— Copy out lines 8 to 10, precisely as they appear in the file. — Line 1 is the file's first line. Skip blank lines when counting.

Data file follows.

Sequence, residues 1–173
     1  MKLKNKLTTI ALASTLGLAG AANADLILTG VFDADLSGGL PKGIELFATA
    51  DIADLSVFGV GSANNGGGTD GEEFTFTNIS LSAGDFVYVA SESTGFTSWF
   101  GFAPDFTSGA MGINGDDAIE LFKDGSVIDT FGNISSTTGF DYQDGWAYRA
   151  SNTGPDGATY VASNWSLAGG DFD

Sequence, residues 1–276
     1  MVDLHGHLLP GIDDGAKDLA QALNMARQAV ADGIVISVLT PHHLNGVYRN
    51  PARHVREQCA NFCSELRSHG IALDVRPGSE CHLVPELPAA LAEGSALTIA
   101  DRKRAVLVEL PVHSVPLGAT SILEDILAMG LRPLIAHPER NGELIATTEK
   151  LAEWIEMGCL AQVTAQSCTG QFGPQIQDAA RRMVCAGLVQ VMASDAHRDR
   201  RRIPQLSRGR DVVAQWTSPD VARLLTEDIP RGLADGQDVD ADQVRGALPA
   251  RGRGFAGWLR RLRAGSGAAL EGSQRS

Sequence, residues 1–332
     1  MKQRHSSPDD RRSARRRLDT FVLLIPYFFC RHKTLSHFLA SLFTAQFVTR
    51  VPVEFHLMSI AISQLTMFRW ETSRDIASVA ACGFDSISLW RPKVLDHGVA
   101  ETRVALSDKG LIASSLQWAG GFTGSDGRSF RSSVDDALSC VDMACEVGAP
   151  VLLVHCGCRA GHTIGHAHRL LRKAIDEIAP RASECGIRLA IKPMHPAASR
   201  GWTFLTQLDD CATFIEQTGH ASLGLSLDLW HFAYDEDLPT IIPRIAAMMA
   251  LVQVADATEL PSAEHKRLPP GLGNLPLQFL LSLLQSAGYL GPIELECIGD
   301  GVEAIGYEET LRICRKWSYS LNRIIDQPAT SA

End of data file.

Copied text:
    51  PARHVREQCA NFCSELRSHG IALDVRPGSE CHLVPELPAA LAEGSALTIA
   101  DRKRAVLVEL PVHSVPLGAT SILEDILAMG LRPLIAHPER NGELIATTEK
   151  LAEWIEMGCL AQVTAQSCTG QFGPQIQDAA RRMVCAGLVQ VMASDAHRDR